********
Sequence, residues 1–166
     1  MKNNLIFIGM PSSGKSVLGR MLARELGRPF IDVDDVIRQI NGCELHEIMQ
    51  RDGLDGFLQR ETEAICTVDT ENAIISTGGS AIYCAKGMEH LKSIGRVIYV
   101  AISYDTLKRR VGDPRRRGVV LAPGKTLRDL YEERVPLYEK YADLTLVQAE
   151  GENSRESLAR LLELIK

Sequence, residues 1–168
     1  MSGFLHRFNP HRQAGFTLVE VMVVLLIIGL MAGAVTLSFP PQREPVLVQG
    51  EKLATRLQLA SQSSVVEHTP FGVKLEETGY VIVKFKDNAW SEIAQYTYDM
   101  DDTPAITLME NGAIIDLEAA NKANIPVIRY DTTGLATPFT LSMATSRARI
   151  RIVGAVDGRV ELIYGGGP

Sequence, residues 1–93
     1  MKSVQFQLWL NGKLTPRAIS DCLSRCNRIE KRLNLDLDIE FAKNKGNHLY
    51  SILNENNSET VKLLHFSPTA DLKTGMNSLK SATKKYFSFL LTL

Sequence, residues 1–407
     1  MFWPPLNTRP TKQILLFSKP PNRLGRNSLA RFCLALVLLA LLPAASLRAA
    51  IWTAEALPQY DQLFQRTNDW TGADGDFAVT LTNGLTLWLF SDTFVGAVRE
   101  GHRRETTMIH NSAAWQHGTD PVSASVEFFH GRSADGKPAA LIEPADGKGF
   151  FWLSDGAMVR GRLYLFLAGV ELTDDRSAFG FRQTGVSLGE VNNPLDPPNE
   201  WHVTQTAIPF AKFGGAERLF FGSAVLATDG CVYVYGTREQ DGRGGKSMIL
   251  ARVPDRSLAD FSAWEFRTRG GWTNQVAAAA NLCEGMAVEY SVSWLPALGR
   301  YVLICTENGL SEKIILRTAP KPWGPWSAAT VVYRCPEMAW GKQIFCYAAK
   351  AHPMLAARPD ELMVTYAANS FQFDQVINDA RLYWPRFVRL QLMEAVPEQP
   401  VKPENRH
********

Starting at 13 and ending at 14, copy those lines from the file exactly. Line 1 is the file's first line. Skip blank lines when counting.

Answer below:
    51  SILNENNSET VKLLHFSPTA DLKTGMNSLK SATKKYFSFL LTL

Sequence, residues 1–407